Cord Clamping vs Milking Delayed clamping of the umbilical cord has been shown to have significant benefits for preterm infants. However, delayed cord clamping has not gained wide acceptance in obstetrical practice, in part because of the preterm infant’s frequent need for resuscitation. Many obstetricians and neonatologists are unwilling to delay the resuscitation until the cord is clamped and cut 1 to 2 minutes after delivery. Cord milking offers an alternative to delayed cord clamping that may provide the same benefits without the need to delay resuscitation.
Umbilical Cord Milking Hosono S et al. Arch Dis Child Fetal Neonatal Ed. 2008; 93:F14 40 infants 24-28 weeks gestation Randomized to early cord clamping or cord milking Milking reduced need for transfusion No need to delay resuscitation No adverse effects Rabe H et al. Obstet Gynecol. 2011; 117:205 58 infants <33 weeks Milking vs delayed clamping No difference
Cautions Regarding DelayedCord Clamping or Cord Milking Impact on long-term neurodevelopmental outcome unknown Data are sparse for extremely preterm babies, those who stand to gain the most There may be groups of patients for whom risks are greater, for example babies with poor cardiac function – volume loading may be harmful
Reducing Phlebotomy Blood Loss Shown to be feasible – How? Use methods and instruments that require less blood Avoid overdraw “We wanted to be sure we had enough in case we had to repeat the analysis. We didn’t want to have to stick the baby again.” Order only the laboratory studies that are necessary; trainees tend to order too many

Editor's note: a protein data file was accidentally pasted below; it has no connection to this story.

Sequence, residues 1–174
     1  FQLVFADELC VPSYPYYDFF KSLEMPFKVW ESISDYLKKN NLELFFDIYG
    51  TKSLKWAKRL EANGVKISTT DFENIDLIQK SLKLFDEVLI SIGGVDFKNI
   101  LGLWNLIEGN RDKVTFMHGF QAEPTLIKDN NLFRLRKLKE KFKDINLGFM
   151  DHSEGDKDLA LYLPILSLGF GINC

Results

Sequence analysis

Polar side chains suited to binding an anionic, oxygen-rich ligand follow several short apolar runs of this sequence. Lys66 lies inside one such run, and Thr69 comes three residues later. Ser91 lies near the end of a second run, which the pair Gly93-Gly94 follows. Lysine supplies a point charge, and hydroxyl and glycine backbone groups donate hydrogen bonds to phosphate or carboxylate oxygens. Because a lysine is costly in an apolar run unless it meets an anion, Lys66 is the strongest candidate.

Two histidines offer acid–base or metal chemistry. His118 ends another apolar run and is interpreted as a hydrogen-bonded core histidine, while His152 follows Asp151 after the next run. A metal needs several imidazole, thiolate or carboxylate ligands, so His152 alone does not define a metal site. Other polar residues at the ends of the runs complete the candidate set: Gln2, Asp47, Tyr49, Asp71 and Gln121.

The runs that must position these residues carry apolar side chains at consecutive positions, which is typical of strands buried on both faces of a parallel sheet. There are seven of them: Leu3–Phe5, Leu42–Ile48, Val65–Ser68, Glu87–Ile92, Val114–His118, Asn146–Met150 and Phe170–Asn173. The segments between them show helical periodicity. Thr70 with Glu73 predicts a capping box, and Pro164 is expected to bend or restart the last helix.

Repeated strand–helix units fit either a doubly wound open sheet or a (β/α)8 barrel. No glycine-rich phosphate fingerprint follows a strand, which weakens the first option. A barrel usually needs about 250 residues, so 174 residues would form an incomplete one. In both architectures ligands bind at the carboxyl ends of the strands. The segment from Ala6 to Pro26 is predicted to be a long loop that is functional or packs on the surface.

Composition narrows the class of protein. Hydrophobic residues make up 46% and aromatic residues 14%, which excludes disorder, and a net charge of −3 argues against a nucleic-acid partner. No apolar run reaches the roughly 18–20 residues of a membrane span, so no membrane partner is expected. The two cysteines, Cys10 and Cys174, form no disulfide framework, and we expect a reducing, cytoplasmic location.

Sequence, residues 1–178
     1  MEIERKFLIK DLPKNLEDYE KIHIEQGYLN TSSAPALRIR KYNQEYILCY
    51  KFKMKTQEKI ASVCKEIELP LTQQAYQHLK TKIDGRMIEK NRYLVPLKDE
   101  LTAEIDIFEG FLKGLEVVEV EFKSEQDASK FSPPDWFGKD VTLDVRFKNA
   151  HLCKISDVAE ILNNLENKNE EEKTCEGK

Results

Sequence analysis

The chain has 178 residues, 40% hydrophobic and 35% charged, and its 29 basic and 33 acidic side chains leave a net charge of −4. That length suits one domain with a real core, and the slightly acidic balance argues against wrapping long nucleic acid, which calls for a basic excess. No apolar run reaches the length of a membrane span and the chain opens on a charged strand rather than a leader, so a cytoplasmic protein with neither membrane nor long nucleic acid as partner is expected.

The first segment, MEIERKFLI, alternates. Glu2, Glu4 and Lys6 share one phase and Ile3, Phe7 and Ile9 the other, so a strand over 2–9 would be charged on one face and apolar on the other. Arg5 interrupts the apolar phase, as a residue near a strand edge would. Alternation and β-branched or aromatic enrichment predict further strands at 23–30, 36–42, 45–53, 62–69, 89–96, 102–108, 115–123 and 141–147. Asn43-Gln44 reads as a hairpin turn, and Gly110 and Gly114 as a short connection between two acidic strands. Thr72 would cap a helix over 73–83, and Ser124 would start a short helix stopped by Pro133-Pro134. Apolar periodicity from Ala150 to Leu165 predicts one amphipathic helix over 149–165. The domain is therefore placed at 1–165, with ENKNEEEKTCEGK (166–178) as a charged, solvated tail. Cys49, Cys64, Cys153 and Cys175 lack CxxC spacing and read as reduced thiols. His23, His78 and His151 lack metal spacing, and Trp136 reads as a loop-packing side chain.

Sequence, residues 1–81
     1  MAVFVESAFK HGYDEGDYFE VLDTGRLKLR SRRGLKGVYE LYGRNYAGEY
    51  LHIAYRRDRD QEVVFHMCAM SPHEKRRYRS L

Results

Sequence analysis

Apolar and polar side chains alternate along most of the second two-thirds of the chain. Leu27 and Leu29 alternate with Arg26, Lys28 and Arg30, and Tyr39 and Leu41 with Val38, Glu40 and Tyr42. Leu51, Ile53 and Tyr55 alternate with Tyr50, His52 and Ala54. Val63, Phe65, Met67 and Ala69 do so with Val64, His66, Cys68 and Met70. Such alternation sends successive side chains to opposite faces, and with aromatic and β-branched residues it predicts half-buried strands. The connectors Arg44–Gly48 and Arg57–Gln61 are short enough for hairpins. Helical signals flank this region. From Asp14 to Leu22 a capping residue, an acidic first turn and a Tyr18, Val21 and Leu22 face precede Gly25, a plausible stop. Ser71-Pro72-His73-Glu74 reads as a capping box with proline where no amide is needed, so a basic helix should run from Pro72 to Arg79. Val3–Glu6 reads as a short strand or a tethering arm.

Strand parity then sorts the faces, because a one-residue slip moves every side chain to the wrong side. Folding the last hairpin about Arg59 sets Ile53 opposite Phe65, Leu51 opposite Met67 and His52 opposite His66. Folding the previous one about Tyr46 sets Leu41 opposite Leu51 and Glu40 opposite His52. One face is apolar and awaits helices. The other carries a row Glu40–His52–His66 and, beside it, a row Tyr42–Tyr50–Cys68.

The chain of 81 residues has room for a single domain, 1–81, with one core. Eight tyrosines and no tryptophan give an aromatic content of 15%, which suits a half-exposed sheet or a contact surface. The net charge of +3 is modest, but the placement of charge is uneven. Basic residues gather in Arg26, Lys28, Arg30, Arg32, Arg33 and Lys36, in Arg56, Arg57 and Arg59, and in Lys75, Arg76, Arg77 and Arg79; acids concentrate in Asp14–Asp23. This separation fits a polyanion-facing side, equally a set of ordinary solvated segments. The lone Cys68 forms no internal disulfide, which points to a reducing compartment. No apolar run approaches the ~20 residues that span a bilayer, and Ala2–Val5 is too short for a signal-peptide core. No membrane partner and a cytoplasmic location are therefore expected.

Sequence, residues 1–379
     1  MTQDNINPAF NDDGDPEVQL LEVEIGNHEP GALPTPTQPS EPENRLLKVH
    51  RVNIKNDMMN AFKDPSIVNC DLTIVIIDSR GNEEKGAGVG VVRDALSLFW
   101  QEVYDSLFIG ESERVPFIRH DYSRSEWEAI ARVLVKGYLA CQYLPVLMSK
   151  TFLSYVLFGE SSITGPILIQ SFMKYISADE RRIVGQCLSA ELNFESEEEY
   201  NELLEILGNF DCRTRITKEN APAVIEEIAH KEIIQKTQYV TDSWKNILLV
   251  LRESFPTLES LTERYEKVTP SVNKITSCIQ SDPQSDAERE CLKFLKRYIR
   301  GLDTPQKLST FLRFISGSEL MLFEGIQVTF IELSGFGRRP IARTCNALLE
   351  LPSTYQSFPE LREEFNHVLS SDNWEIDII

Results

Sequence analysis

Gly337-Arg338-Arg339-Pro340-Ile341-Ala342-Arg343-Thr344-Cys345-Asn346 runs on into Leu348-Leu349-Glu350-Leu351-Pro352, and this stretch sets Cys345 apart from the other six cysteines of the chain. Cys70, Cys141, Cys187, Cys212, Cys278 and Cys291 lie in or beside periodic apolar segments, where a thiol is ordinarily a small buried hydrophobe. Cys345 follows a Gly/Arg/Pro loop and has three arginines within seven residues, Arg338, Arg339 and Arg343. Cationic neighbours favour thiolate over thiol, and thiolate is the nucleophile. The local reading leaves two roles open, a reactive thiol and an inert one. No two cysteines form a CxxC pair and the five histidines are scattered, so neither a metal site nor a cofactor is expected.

Supporting Erythropoiesis Erythropoietin Reduces need for transfusions but by only a small amount (<1 transfusion per baby) Most transfusions occur during the first week, when erythropoietin is less effective Cochrane review shows increased risk of severe ROP with early erythropoietin Not recommended for routine use There may be a subgroup for whom benefit outweighs risk, but this has not been defined
Supporting Erythropoiesis Nutrition Optimal erythropoiesis requires adequate intakes of Iron Folate Vitamin B12 Vitamin E Protein
Limiting Donor Exposures Transfusions cannot be avoided completely Single donor transfusion programs can reduce donor exposures to 1 or at most 2 donors for anemic preterm babies Modern storage media allow blood to be stored for up to 42 days with acceptable quality; a unit or part of a unit can be set aside to meet the transfusion needs of a single preterm baby
Transfusion Guidelines Introduction of standardized transfusion guidelines has been shown in several studies to reduce transfusions But what should these guidelines be? Can more restrictive guidelines (lower hemoglobin thresholds) reduce transfusions? If so, are there any harmful consequences of restrictive guidelines?
Transfusion Guidelines What do we know from existing clinical trials? Two largest trials: 1. Iowa Trial Bell EF et al. Pediatrics. 2005; 115:1685. McCoy TE et al. Child Neuropsychol. 2011; 17:347. Nopoulos P et al. Arch Pediatr Adolesc Med. 2011; 165:443. 2. PINT Trial Kirpalani H et al. J Pediatr. 2006; 149:301. Whyte RK et al. Pediatrics. 2009; 123:207.